c505218304b50c59c3659f6dda43bae7-links-13–>c505218304b50c59c3659f6dda43bae7-links-12–>c505218304b50c59c3659f6dda43bae7-links-11–>c505218304b50c59c3659f6dda43bae7-links-10–>c505218304b50c59c3659f6dda43bae7-links-9–>c505218304b50c59c3659f6dda43bae7-links-8–>c505218304b50c59c3659f6dda43bae7-links-7–>c505218304b50c59c3659f6dda43bae7-links-6–>c505218304b50c59c3659f6dda43bae7-links-5–>c505218304b50c59c3659f6dda43bae7-links-4–>c505218304b50c59c3659f6dda43bae7-links-3–>c505218304b50c59c3659f6dda43bae7-links-2–>c505218304b50c59c3659f6dda43bae7-links-1–>c505218304b50c59c3659f6dda43bae7-links-0–>p style=”font-family: verdana,arial,helvetica,sans-serif;”>‘It wus always called the Blest Well [Sunday’s Well, Glen, Newry: also St Moninna’s Well, Killeavy] an’ the cures were after sunset or before sunrise.
Ye had till leave somethin’ behind ye or it wus no use. But I wus a hard-workin’ man all me lfke, an’ with the best of health, so I didn’t be troublin’ the well.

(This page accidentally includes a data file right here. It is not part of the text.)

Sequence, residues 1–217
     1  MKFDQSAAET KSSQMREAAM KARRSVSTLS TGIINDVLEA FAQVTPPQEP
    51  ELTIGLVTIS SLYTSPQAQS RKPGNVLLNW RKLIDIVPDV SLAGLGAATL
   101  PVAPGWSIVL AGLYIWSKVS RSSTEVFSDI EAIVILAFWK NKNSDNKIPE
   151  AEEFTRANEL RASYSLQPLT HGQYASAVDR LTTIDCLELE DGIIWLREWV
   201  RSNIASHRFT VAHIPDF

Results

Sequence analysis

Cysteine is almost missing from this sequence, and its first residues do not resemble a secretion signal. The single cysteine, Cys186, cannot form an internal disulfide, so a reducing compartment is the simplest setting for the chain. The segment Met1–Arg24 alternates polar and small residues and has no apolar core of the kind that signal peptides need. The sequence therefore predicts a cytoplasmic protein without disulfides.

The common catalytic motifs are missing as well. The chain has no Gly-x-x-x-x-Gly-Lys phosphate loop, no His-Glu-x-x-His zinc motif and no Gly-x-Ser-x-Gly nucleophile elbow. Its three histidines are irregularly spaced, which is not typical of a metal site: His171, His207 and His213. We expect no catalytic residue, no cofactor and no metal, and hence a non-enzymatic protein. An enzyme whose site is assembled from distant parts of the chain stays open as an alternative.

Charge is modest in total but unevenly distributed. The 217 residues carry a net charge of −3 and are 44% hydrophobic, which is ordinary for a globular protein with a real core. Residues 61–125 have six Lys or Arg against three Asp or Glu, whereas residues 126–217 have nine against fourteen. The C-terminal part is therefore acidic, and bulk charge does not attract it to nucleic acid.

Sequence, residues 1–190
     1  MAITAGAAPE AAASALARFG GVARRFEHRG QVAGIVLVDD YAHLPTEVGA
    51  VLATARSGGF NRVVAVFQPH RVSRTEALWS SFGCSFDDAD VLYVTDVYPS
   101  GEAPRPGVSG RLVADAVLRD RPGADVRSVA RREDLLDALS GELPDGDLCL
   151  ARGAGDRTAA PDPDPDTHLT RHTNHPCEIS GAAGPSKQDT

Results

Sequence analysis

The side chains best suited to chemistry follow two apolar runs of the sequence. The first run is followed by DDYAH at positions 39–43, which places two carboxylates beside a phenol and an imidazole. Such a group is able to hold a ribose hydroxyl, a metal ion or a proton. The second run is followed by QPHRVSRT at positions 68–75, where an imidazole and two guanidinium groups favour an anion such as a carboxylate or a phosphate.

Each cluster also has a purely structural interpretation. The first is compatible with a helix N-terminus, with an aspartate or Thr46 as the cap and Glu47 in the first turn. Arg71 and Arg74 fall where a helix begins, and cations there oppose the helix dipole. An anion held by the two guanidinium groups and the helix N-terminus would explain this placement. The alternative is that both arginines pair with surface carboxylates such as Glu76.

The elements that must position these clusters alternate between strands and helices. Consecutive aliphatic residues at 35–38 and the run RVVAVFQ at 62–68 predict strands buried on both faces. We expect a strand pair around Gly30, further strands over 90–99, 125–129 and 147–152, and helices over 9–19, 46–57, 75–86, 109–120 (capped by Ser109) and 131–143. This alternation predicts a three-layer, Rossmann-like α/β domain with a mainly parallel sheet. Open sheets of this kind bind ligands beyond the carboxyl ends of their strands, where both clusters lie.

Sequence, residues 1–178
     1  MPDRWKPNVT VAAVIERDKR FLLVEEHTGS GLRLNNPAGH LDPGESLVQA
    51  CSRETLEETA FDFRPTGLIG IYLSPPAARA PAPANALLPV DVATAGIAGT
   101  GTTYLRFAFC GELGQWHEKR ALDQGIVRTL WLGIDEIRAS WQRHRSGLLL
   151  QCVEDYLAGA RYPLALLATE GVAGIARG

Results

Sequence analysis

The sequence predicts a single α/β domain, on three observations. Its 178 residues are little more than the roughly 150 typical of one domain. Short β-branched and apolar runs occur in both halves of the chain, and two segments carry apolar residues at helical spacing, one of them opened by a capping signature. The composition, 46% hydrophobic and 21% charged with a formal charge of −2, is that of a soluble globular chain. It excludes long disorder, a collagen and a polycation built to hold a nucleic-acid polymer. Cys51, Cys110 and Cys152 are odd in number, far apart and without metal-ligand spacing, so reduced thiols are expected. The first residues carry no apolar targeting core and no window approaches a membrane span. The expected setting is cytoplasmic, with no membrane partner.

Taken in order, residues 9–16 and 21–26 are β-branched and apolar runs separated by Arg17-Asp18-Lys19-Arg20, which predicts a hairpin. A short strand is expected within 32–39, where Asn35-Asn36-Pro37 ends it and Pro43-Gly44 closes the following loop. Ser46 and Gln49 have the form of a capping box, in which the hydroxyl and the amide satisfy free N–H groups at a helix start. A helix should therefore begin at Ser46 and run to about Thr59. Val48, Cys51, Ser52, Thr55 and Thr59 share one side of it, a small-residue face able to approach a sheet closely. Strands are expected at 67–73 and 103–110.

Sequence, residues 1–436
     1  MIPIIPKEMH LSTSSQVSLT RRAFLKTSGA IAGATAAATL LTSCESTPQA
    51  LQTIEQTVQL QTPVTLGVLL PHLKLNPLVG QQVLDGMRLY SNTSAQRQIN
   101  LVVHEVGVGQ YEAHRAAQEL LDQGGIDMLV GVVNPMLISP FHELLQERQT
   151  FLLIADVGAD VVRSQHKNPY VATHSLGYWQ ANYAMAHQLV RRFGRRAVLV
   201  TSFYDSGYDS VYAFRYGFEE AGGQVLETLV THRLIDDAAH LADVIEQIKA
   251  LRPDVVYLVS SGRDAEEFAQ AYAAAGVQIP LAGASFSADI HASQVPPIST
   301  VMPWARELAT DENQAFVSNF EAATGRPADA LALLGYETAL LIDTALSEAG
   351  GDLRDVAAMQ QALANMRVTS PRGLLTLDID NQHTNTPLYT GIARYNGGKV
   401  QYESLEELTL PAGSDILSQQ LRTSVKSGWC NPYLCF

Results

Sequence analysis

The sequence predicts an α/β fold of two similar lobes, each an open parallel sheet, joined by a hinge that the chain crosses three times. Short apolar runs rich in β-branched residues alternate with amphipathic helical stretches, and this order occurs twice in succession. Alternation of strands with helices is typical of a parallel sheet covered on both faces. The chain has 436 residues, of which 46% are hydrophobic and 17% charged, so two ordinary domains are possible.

But there was a great gra’ for it in the oul’ days all the same. They cum from all over the country till it, an’ in them days ye couldn’t have seen the bushes for rags. Many a prayer wus said at it, an’ many a heavy heart wus lightened because of the hope that wud come till them from it – that’s why it was called the Blest Well.’
The celebration at St Bline’s Well [another name for St Moninna] takes place on the first Sunday in July.
The rags were petitions to the Saint for intercession with God in an emergency.